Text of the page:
“Customer demand has a great part in determining the inventory flow. But at times, poor marketing skills can also be a reason for your slow-moving merchandise,” opines Jay Mehta, Director, Pooja Diamonds, Ahmedabad. “Great marketing skills can sell even slow-moving stock. You need to position the products in a different and unique manner, while using attractive ideas to promote them,” he adds.
Dealing with inventory requires a combination of scientific methodology and imagination. Says Kailash Kabra, Founder and Managing Director, K K Jewels. Ahmedabad, “The best way to deal with slow-moving stock is to modify it, maybe by changing the colour of the gold, or adding some pieces to it to change its look.”
 

Retail jewellers agree that modifying the jewellery is one of the first options to deal with unsold stock. According to Ishu Datwani, Founder, Anmol Jewellers, Mumbai, “Going for cosmetic surgery of jewellery that does not move as per plan is a good method of dealing with the problem. We go for re-polishing, adding stones or pearls and give it a new, and make it more appealing look.If both these steps don’t work, then we just melt the piece.”

Announce a sale? Or not?

While jewellers are broadly in agreement on how to deal with inventory, they have different opinions on whether announcing a sale or reducing the price is an option to deal with deadweight. Says Datwani, “You can reduce the selling price to make unsold jewellery more attractive to buyers, but rather than going on flash sales, it makes more sense to have a yearly sale where these pieces can be sold at a discounted price.”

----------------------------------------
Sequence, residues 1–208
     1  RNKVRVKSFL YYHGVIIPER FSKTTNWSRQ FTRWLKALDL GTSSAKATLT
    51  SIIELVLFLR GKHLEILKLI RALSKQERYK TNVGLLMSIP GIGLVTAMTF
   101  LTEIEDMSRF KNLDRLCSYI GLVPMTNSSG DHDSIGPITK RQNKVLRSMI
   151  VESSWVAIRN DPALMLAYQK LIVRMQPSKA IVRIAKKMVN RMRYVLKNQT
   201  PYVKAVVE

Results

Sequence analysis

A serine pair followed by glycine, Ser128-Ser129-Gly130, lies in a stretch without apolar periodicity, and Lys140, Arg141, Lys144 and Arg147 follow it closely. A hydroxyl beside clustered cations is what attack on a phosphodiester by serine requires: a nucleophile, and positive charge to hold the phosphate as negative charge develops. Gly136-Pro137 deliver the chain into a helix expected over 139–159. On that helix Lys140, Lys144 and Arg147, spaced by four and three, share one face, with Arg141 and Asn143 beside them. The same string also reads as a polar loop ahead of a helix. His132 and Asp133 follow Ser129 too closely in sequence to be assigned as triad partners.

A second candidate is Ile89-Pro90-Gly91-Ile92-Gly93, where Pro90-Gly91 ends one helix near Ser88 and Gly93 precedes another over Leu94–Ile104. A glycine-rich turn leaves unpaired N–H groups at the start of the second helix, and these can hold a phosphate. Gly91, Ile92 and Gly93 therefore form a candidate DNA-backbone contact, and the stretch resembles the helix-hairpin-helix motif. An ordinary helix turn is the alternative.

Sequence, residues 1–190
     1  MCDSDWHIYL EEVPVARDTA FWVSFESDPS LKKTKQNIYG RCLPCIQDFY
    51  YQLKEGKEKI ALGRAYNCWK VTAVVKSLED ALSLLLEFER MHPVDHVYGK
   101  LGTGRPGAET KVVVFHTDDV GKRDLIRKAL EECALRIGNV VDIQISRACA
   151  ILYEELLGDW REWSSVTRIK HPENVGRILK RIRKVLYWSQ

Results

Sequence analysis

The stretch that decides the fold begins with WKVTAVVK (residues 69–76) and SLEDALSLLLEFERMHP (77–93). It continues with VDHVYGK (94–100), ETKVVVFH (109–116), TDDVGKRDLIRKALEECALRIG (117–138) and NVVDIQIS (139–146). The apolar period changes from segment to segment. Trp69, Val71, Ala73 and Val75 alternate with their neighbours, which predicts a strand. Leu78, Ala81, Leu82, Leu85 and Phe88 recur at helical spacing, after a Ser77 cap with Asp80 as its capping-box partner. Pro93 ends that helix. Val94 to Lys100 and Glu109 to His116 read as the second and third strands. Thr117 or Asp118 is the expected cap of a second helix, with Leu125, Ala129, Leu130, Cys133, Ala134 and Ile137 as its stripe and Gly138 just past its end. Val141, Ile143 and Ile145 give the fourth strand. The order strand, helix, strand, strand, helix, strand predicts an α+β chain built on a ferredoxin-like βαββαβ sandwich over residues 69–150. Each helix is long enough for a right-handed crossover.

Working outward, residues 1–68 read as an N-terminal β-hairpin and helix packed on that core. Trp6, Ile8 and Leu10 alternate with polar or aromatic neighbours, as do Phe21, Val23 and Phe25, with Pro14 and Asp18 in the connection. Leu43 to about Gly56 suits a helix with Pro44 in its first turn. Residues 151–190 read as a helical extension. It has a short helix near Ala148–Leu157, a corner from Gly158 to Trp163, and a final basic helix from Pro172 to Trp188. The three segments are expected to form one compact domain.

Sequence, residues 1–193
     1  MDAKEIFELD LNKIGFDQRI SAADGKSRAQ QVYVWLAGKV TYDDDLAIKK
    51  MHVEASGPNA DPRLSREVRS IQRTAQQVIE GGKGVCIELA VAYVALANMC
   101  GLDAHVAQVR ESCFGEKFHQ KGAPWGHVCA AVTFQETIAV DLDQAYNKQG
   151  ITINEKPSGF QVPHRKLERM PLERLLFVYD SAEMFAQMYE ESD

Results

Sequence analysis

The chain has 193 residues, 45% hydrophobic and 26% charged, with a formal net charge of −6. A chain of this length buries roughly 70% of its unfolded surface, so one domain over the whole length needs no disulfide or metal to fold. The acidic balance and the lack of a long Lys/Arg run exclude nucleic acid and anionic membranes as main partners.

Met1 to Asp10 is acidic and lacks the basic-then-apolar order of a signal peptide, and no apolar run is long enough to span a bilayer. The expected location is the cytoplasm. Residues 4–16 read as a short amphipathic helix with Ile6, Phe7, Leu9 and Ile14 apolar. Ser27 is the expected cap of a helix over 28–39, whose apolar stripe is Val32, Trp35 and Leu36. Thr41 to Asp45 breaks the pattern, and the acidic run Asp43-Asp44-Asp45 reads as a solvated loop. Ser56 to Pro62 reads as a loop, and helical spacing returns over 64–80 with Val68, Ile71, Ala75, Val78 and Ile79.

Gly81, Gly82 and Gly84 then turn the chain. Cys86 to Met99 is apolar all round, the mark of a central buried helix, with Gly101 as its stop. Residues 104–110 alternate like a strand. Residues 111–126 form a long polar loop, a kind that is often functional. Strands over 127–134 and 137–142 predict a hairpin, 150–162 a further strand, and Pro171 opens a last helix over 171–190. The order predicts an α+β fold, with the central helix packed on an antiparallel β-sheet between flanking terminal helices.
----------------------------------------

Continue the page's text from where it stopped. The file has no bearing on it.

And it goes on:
Some industry players feel unsold stock can be put up online in an imaginative manner. “Digital marketing has a good reach and marketing your products online won’t be a bad idea. Among the thousands of consumers, it is surely possible for your slow-moving merchandise to find the right customer. Besides, organizing a flash sale is an effective way to attract more customers to enter your store. You can then make use of the opportunity by bundling the slow-moving stock with the fast-moving one. You can also offer from 30% to 40% discount on slow-moving inventory,” says Mehta.

But not all agree. According to Saraf, “Discounts and flash sales to push slow-moving inventory is never a good idea. It puts a notion into the client’s mind that the jeweller has a huge margin on jewellery and that the discount is being passed on selective pieces due to some issue with the jewellery.”

 

Agrees Kabra, “We believe in the Louis Vuitton strategy -- if anything doesn’t sell scrap it, but don’t sell it cheap as it will spoil the brand name and then the client will always wait for your sale and the rest of the months you will be sitting idle.”

Inventory is always going to be a tricky issue -- jewellers cannot afford to understock, but they will face problems if they overstock. In the end, each company has to find its own way of dealing with the problem.